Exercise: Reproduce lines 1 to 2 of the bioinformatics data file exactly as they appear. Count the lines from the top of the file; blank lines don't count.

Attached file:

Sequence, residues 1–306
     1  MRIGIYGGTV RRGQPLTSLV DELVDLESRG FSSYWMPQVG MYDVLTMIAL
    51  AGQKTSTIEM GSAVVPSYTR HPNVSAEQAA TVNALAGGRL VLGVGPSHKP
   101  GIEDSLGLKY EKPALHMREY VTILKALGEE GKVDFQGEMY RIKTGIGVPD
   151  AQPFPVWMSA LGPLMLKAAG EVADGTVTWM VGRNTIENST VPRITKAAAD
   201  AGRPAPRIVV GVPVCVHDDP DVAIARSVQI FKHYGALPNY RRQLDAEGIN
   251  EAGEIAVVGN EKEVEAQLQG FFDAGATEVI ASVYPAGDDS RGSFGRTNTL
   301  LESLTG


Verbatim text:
Sequence, residues 1–306
     1  MRIGIYGGTV RRGQPLTSLV DELVDLESRG FSSYWMPQVG MYDVLTMIAL